Forced house sales still dropping

Chris Dagg
Chris Dagg
Mortgagee sales figures may have dropped since the harshest days of the recession, but 89 Otago properties still had to be sold in the 12 months to September 2011.

Terralink International figures show 39 of those were in Queenstown Lakes, 20 were in Dunedin, 11 in Central Otago, 13 in Clutha, and 6 were in Waitaki.

In the same period, Auckland had 738 mortgagee sales, Waikato 295 and Canterbury 139.

Southland and the West Coast both had only 28.

The latest figures showed an improvement on previous years, as 118 houses were sold in mortgagee sales in Otago in the 2010 calendar year - 60 of which were in Queenstown Lakes - and 153 had had to be sold in the region in 2009, including 90 mortgagee salesin Queenstown Lakes.

In 2009, mortgagee sales in the region totalled more than the previous three years combined - 66 mortgages were foreclosed in 2008, 26 in 2007 and 11 in 2006.

Massey University Centre for Banking Studies director associate professor Dr David Tripe said the peaks in 2009 and 2010 were no surprise.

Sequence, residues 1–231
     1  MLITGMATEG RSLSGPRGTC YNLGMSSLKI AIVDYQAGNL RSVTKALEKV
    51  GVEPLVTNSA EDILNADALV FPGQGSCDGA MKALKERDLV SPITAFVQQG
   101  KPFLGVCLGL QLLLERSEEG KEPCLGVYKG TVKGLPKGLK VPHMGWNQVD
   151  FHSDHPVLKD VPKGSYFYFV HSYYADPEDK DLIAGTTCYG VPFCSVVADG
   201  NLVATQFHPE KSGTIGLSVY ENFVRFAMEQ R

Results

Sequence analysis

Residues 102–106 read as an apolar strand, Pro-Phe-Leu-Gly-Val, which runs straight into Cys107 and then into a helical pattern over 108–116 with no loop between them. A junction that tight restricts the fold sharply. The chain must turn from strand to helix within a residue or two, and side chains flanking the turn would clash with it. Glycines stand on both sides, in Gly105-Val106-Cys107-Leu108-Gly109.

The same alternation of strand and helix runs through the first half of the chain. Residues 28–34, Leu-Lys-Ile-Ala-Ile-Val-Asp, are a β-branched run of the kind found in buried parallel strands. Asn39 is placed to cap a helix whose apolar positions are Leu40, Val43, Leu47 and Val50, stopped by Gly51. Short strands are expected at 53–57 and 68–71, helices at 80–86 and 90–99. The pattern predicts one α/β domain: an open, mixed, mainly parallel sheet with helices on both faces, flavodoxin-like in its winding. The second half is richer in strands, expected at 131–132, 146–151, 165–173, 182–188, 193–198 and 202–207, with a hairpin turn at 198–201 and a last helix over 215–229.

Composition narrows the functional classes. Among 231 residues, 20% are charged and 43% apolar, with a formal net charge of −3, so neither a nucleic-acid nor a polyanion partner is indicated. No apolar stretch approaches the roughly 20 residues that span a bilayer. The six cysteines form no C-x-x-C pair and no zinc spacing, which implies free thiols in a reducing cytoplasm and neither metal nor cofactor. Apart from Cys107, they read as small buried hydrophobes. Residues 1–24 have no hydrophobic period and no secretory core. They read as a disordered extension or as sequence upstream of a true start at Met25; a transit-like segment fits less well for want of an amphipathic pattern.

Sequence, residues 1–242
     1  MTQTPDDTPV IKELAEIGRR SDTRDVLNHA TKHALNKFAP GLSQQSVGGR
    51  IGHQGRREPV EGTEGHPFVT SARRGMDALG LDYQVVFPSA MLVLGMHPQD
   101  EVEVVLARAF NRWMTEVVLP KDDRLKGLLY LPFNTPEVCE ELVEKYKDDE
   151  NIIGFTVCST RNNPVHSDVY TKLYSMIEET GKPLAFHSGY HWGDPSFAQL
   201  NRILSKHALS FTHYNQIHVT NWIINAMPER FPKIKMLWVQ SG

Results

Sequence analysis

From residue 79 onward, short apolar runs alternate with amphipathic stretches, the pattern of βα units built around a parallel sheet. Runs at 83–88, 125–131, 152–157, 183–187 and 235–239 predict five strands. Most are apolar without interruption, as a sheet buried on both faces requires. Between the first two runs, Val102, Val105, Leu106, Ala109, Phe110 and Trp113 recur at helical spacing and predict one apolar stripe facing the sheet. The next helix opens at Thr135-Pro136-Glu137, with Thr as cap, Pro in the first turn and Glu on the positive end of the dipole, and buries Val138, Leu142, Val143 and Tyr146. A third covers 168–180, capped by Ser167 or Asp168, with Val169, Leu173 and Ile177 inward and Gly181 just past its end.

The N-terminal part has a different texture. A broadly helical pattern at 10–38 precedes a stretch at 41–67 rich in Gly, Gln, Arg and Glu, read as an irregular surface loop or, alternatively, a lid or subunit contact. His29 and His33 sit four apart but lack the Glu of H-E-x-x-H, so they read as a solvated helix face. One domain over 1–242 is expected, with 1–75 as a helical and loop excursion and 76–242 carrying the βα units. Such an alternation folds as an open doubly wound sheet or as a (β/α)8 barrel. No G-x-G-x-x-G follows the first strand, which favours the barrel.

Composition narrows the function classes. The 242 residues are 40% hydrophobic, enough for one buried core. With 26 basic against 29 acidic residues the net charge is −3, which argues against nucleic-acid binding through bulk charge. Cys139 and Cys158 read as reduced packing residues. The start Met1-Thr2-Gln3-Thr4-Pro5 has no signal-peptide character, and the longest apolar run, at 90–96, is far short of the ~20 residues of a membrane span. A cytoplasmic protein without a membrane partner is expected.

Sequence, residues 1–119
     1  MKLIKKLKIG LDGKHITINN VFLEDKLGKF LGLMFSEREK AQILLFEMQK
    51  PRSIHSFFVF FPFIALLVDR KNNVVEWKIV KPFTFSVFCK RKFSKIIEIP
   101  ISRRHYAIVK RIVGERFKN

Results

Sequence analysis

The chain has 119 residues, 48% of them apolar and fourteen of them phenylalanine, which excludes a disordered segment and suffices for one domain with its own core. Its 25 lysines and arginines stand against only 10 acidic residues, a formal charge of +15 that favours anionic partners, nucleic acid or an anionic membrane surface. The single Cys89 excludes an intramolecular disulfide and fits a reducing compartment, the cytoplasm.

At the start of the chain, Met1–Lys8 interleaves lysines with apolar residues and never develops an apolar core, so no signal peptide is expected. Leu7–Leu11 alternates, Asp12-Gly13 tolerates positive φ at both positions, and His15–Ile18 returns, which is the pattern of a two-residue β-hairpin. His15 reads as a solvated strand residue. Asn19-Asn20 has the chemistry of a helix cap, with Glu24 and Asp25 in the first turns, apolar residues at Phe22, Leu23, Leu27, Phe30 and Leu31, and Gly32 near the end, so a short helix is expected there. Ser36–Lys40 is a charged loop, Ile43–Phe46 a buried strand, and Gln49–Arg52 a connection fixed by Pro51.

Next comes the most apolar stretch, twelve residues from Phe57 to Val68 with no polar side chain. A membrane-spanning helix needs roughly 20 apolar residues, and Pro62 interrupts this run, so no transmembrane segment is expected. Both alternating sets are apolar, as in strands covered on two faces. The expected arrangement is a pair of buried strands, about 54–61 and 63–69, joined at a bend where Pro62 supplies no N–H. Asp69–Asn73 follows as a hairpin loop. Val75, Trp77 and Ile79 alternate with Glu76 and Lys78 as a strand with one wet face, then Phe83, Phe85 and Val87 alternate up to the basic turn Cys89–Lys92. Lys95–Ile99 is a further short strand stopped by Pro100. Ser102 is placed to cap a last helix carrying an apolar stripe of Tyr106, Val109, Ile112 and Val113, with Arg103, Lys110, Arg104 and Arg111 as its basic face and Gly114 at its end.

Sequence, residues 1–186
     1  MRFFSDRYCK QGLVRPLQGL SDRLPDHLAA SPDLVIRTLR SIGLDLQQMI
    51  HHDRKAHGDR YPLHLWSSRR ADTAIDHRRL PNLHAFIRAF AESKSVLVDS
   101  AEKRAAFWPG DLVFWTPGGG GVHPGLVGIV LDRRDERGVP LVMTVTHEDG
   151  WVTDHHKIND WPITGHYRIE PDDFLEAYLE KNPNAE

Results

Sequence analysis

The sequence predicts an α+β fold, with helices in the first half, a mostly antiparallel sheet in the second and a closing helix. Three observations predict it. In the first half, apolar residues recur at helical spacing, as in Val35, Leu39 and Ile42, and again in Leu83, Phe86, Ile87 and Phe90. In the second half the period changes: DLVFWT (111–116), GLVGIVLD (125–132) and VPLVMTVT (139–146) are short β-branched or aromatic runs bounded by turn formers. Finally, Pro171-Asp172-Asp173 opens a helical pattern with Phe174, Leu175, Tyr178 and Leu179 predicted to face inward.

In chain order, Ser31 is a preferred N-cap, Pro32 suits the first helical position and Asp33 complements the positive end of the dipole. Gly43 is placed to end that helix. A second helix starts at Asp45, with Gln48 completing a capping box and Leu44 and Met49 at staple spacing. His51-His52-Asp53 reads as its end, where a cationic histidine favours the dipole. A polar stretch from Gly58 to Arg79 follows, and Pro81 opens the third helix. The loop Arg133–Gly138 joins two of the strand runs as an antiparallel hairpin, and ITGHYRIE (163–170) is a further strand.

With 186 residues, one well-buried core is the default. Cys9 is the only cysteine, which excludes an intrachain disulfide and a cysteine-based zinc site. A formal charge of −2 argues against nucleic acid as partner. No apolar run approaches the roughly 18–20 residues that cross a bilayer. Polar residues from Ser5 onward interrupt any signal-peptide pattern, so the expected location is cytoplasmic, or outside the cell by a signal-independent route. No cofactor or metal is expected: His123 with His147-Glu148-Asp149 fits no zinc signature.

"In general terms, when economic circumstances are more difficult, there will be more instances of mortgagee sales," he said.

Reasons for people going through mortgagee sales varied greatly: sometimes it was the fault of the lender, other times the property owner, and sometimes it was due to circumstances outside either party's control.

"Generally, each situation is slightly different, but the most common reason for problems is people thinking they can afford bigger mortgages and taking out bigger loans then they can actually afford. Sometimes they are encouraged in that process by lenders."

The lower rates of mortgagee sales in Otago could be related to slower population growth and the lack of "wild mania" property price increases experienced elsewhere, except in Central Otago, Dr Tripe said.

However, he did not believe last year's mortgagee sales drop was necessarily an indicator of brighter economic times.

"The apparent reduction may simply mean people are getting on and selling their property themselves," he said.

There was "a lot of excitement" about property price rises in Auckland, but for most of the rest of the country, "people who think there will be property price rises are probably kidding themselves".



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